Blog

Visualizing Your Way to Success


“Running is 80 percent mental.” ~ Joan Benoit Samuelson, American marathon runner, gold medal at 1984 Summer Olympics

If you have ever watched a sporting event, live or on television, you have probably seen visualization techniques at work. Gymnasts, figure skaters, and downhill skiers (among others) will often take a few minutes pre-performance to go over their routines or the course, using mental images to trigger muscle memory cues to achieve success. In baseball, the on-deck hitter is taking swings not only to loosen up, but to mentally SEE the ball hit the bat.

Since a successful performance during a marathon depends mostly on endurance, how can the runner use visualization to improve their effort? The secret lies in creating a mental image of easy and efficient running, and of achieving your target goal, whether that goal is based on just completing the event or hitting a specific finishing time.

Here is how to start this process:
– Find a space when you can be undisturbed for about ten minutes.
– Sit in a comfortable chair or lie on the floor, and just RELAX.
– Close your eyes and breathe deeply, in through your nose and deep into your belly. Hold for a count of one-two, and then slowly exhale through your nose. Hold for a count of one-two, and then repeat ten to twenty times. While you’re doing this, notice any muscle that may be feeling tense and will them to relax.
– When you have achieved a level of calm, think back to a time when you had your most enjoyable run. Remember how effortlessly you ran, how the wind and sun felt on your face, and how your body seemed to move almost without effort like a well-oiled machine.
– Now picture yourself at the start line for the Eugene marathon. The gun goes off, and there you are in the crowd, moving with efficiency, gently weaving in and out of the people around you.
– It’s a beautiful morning as you head south and then north on Amazon Drive. See the children cheering for you by the side of the road? Give them a high five!
– Now you’re at mile eight and climbing up East 19th Avenue; but it’s NOT a hill, just a gentle ascent because YOU are unstoppable. That spectator with the Power Button sign? Punch it and keep on cruising!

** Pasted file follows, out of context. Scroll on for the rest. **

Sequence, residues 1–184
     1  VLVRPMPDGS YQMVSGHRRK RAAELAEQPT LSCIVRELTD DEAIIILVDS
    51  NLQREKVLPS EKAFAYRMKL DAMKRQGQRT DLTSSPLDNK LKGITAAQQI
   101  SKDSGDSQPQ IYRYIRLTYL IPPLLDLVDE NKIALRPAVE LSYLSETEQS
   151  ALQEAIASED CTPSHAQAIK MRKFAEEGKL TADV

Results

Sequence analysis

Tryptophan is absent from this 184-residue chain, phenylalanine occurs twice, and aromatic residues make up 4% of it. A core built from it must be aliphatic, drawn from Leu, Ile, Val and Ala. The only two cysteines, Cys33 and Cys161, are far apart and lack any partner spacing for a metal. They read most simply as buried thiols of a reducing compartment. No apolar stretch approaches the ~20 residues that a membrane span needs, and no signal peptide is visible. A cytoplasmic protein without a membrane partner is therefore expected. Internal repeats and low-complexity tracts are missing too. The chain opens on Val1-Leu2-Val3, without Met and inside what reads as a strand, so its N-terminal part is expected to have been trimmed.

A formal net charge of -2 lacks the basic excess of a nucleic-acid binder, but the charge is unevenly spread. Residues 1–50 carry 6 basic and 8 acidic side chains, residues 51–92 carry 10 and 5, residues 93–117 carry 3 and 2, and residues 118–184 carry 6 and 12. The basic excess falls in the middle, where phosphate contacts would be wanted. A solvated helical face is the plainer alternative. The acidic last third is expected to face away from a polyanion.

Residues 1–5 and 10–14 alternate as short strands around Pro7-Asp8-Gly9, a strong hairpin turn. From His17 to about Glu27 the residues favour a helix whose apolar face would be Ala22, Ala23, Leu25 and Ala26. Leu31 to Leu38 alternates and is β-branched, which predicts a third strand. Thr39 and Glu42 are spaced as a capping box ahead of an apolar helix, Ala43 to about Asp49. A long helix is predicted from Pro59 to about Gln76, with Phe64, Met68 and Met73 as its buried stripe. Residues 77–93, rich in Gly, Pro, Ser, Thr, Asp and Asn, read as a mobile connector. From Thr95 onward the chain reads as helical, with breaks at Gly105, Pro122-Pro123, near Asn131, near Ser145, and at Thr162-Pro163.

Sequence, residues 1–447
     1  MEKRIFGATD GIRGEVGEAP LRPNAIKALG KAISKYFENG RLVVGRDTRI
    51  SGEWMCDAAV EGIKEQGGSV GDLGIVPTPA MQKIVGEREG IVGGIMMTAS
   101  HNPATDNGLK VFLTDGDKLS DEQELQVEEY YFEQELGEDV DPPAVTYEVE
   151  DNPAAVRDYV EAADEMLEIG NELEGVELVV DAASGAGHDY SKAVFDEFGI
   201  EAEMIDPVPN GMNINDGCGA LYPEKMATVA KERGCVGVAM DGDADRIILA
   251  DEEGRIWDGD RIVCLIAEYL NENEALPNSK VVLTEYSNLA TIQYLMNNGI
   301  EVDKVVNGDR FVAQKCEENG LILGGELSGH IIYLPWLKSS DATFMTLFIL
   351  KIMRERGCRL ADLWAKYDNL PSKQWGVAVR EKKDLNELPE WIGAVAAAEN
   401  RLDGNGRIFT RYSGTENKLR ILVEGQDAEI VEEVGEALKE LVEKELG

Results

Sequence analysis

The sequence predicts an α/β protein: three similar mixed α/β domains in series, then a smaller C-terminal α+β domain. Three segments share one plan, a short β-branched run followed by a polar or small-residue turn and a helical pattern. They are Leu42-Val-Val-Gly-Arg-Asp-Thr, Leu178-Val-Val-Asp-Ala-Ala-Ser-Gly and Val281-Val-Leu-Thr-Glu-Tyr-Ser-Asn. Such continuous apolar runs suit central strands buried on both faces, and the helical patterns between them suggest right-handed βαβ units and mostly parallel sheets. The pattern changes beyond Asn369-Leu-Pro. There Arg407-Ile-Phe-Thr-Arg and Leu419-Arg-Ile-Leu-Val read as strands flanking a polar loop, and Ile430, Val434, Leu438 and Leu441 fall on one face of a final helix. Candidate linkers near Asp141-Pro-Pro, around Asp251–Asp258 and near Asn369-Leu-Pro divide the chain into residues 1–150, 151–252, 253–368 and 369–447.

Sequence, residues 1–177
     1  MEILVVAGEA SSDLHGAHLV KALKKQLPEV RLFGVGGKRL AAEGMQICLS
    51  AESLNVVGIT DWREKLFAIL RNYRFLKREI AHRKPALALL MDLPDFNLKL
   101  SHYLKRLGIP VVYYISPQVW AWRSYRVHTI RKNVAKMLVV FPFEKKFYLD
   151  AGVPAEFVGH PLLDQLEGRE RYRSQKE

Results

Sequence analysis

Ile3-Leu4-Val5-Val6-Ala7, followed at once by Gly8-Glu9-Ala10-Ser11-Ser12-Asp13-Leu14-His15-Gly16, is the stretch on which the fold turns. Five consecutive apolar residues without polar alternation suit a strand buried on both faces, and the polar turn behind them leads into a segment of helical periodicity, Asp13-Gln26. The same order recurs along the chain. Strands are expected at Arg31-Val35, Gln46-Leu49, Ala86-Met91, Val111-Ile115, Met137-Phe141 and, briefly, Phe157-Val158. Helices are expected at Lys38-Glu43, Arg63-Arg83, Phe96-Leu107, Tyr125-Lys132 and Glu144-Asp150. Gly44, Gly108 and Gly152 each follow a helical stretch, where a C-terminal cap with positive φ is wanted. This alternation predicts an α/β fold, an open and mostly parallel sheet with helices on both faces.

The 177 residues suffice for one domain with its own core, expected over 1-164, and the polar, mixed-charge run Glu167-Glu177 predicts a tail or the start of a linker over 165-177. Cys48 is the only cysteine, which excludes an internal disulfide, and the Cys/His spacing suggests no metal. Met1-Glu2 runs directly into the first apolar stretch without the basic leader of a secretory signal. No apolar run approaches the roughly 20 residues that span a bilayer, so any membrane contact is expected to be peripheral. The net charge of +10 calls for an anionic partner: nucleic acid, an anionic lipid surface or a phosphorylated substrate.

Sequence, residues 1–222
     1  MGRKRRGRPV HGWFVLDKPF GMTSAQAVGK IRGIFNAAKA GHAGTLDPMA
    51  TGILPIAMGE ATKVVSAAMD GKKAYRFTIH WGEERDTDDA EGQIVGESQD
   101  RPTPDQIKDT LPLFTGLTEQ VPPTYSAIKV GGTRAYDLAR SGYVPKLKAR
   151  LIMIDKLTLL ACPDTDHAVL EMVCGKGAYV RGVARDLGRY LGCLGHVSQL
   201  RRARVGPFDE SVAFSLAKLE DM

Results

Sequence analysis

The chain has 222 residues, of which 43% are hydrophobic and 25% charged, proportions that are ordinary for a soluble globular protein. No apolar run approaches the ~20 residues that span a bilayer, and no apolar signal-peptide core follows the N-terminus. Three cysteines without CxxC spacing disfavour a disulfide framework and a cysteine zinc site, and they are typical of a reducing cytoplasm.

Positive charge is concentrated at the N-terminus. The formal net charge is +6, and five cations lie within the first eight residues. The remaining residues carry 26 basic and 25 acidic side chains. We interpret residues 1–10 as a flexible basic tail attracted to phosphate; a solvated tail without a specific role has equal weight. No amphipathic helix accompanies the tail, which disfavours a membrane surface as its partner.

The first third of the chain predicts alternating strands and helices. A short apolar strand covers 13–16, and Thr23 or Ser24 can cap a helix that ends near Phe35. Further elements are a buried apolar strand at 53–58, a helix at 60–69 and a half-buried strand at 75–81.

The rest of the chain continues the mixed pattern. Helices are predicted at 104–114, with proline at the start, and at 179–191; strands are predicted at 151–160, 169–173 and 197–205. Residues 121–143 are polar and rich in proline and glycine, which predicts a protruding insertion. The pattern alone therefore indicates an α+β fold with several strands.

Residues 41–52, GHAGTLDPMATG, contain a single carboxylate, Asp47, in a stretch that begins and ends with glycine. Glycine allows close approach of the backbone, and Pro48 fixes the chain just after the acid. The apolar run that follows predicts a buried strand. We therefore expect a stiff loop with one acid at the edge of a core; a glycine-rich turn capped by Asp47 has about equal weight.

– Run east along the Willamette river; listen to the water as it flows steadily. Embrace the view and embrace the weather; it does not matter what the conditions may be because you are an awesome marathon runner and can handle anything.
– Now pass through Alton Baker Park past Autzen Stadium, and west along the river with the wind at your back and beneath your wings. You are still running smoothly, light on your feet.
– Here’s the Owosso bridge, up and over the river, acknowledging the spectators with a friendly wave – they are there for YOU.
– Heading south and east along the river now, with folks out for a stroll in Skinner Butte Park, children playing; breathe it all in as you roll past.
– You are at about mile 25.5 when you turn onto Agate Street, still moving well. You pass the mile 26 marker, and take a slight right into Hayward Field.
– You cruise around that last turn, down the straightaway past the grandstands, and your image flashes on the giant screen.
– As you hit the finish line, the crowd goes WILD!
– If you have a time goal in mind, SEE the finish line clock displaying that time as you cross.

bill_hood1

You now have a movie, a mental image you can play back as often as you like – and every time, it ends with your success. Whenever you feel nervous about the event or doubt your preparation or readiness, take a few minutes to play back your personal success video.

I used this process for several months prior to my first Eugene marathon, playing parts of the movie – especially the finish – in my head as I fell asleep. I believe it was instrumental in recording a marathon PR by almost 17 minutes, and securing my first Boston Marathon qualifying time.

Please note: while visualization can be a powerful tool to help you succeed, it is not a magic bullet. It does not eliminate or reduce the need for proper physical training, nutrition, and recovery.

Bill Hood

Location: Aloha, OR.

A span of forty-eight hours in March of 2010 took me from a non-runner buying my first pair of running shoes to signing up for a half marathon as a charity runner for the American Cancer Society, inspired by my late sister-in-law’s battle with pancreatic cancer. In very short order, I found myself hooked on running; the feeling of moving under my own power along road and trail, the friendship and support among fellow runners, and the challenges of training and running endurance events have strengthened my sense of self-worth and accomplishment. As an RRCA-certified distance coach, I enjoy helping others to succeed and find the joy this sport can bring. I used to think people who ran marathons were on the other side of insane. I’ve now crossed over to the dark side.

Bill Hood